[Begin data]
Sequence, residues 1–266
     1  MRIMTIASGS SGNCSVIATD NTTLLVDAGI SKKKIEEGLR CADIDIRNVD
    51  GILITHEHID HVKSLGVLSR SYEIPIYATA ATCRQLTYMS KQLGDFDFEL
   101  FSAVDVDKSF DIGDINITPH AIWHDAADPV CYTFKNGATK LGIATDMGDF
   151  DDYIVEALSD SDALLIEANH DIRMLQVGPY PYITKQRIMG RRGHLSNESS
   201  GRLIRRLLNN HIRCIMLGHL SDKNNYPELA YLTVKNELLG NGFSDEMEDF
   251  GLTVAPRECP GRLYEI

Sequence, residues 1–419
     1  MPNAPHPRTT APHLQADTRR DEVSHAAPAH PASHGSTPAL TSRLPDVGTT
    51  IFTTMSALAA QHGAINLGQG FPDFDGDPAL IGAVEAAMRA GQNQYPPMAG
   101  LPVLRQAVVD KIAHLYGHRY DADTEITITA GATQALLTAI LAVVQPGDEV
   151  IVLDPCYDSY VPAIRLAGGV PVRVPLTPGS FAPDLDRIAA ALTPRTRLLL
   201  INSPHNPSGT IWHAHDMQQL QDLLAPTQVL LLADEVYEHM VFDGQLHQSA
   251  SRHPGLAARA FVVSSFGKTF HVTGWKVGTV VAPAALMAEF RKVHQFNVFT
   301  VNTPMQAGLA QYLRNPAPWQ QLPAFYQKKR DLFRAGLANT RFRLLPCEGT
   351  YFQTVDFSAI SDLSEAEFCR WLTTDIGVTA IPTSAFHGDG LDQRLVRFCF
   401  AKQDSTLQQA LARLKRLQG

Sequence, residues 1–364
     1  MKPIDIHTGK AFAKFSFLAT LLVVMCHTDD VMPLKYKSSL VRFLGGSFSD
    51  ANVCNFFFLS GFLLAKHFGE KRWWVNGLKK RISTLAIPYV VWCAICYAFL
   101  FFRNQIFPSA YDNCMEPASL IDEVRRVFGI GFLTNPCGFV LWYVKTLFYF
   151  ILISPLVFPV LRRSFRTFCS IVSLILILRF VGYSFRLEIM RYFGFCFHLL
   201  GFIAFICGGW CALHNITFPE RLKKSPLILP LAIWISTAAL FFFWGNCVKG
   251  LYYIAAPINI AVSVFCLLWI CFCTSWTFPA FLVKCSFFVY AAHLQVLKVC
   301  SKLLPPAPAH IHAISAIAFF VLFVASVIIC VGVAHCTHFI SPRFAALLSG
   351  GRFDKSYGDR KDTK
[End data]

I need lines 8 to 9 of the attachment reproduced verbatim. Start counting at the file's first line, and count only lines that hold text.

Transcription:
Sequence, residues 1–419
     1  MPNAPHPRTT APHLQADTRR DEVSHAAPAH PASHGSTPAL TSRLPDVGTT